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Pro-Russian insurgents hold US journalist captive

By The Associated Press
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DONETSK, Ukraine (AP) -- Pro-Russian gunmen in eastern Ukraine admitted on Wednesday that they are holding an American journalist, saying he was suspected of unspecified "bad activities."

Simon Ostrovsky, a journalist for Vice News, has not been seen since early Tuesday. He has been covering the crisis in Ukraine for weeks and was reporting about groups of masked gunmen seizing government buildings in one eastern Ukrainian city after another.

Pro-Russia insurgents who have been occupying police stations and other public buildings in eastern Ukraine for more than a week are defying the accords that Russia and Ukraine signed last week that urged all parties in Ukraine to lay down their arms and vacate the public offices.

Members of the nationalist Right Sector movement have also been occupying two buildings in the capital, Kiev, for months, but authorities have said the priority is to get the gunmen in eastern Ukraine to vacate the buildings they hold.

Stella Khorosheva, a spokeswoman for the pro-Russian insurgents in the eastern city of Slovyansk, confirmed Wednesday that Ostrovsky was being held at the local branch of the Ukrainian security service that they seized more than a week ago.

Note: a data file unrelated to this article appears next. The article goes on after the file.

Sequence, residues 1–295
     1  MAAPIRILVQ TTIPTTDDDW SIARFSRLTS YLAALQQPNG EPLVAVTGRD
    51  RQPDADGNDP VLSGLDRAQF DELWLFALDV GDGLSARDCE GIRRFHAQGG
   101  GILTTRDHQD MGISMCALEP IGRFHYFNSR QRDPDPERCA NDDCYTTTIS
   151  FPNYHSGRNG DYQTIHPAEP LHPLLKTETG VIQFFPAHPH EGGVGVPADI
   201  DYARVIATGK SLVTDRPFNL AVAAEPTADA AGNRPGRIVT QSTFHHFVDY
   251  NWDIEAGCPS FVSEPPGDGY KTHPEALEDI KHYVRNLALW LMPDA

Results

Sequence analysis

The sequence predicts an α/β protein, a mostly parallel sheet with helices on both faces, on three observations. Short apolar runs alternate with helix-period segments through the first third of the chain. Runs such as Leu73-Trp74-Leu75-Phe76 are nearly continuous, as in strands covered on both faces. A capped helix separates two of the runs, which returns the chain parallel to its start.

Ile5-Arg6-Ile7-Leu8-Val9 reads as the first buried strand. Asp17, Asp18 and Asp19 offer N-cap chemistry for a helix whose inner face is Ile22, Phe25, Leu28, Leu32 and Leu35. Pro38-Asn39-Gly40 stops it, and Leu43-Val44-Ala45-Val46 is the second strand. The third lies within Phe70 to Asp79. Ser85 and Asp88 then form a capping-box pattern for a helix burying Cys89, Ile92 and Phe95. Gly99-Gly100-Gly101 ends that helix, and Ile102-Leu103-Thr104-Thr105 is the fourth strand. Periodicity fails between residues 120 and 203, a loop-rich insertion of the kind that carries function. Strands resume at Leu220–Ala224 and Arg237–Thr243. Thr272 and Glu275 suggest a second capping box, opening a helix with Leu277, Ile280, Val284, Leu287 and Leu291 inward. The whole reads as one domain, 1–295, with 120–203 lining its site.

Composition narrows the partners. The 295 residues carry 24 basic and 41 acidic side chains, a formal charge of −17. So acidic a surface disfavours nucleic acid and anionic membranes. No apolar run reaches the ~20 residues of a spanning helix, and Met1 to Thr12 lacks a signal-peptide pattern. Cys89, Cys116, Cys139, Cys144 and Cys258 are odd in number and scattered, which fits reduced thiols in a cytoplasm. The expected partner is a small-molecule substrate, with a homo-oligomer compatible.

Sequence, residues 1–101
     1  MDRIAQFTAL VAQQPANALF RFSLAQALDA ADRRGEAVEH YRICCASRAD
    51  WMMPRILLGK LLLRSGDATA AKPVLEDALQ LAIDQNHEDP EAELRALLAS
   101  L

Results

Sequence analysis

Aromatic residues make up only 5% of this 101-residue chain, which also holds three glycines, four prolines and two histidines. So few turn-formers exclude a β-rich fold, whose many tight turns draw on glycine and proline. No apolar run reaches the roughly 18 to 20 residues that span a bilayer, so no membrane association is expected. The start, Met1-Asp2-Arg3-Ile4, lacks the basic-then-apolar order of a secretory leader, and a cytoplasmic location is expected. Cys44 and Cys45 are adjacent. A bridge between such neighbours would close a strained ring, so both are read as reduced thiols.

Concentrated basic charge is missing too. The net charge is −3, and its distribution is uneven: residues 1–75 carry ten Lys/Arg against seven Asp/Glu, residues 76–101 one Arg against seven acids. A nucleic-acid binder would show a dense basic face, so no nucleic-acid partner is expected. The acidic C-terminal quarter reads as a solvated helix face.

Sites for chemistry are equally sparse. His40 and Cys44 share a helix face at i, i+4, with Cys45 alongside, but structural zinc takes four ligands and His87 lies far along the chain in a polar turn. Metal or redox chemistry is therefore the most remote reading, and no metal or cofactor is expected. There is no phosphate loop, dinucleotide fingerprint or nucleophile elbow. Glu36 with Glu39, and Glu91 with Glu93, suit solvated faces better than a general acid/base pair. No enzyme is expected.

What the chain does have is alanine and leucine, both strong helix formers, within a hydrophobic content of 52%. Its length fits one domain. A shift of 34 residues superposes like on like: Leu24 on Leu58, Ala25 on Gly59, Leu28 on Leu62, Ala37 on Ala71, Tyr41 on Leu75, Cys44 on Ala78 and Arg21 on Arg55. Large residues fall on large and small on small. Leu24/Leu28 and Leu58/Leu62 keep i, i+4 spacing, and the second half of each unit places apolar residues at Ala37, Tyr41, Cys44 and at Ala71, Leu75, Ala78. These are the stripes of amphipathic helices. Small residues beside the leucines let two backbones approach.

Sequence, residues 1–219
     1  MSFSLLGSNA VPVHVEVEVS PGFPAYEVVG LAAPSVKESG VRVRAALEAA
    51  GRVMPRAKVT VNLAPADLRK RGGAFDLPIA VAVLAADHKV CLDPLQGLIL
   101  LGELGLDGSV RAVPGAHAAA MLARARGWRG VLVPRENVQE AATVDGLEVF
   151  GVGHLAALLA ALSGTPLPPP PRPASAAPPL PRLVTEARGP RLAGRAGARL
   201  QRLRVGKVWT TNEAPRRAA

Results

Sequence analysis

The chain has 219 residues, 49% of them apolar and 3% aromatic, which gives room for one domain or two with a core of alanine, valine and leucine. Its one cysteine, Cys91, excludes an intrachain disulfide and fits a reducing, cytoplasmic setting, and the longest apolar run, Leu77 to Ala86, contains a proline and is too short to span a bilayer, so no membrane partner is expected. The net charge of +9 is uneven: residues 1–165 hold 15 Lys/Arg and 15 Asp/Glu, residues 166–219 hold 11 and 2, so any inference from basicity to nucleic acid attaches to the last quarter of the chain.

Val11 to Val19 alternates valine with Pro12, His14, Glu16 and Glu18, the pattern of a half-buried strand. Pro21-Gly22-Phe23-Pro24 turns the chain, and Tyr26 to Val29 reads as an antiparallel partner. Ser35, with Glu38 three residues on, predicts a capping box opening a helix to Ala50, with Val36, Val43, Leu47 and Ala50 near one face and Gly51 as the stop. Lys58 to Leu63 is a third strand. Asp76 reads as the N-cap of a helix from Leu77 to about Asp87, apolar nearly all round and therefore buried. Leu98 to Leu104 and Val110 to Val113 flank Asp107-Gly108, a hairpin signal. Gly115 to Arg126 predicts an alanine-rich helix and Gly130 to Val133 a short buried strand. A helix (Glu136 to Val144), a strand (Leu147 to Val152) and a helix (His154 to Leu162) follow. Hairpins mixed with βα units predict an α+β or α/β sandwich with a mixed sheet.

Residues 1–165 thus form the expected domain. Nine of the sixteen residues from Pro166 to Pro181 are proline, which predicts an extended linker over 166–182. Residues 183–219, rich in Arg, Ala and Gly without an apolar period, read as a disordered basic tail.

"He's with us. He's fine," Khorosheva told The Associated Press. When asked why Ostrovsky was held captive, Khorosheva said he is "suspected of bad activities," which she refused to explain. She says the insurgents are holding Ostrovsky pending their own investigation.

In Washington, State Department spokeswoman Jen Psaki said the U.S. authorities are "deeply concerned" about Ostrovsky's detention which she said violated the agreement between Russia and Ukraine reached last week.

"We condemn any such actions, and all recent hostage-takings in eastern Ukraine, which directly violate commitments made in the Geneva joint statement," she said. "We call on Russia to use its influence with these groups to secure the immediate and safe release of all hostages in eastern Ukraine."

Ukraine has been engulfed in its biggest political crisis since the fall of the Soviet Union. Months-long anti-government protests in the capital of Kiev culminated in President Viktor Yanukovych fleeing to Russia in late February.

The acting government has accused Russia of orchestrating the unrest in eastern Ukraine which it fears Moscow could use as a pretext for an invasion. Last month, Russia annexed Crimea weeks after seizing control of the peninsula.

On Tuesday, Ukraine's acting President Oleksandr Turchynov ordered security forces to resume operations in the country's east after the bodies of two people allegedly abducted by pro-Russia insurgents were found. There were no reports of any such operations by midday Wednesday.
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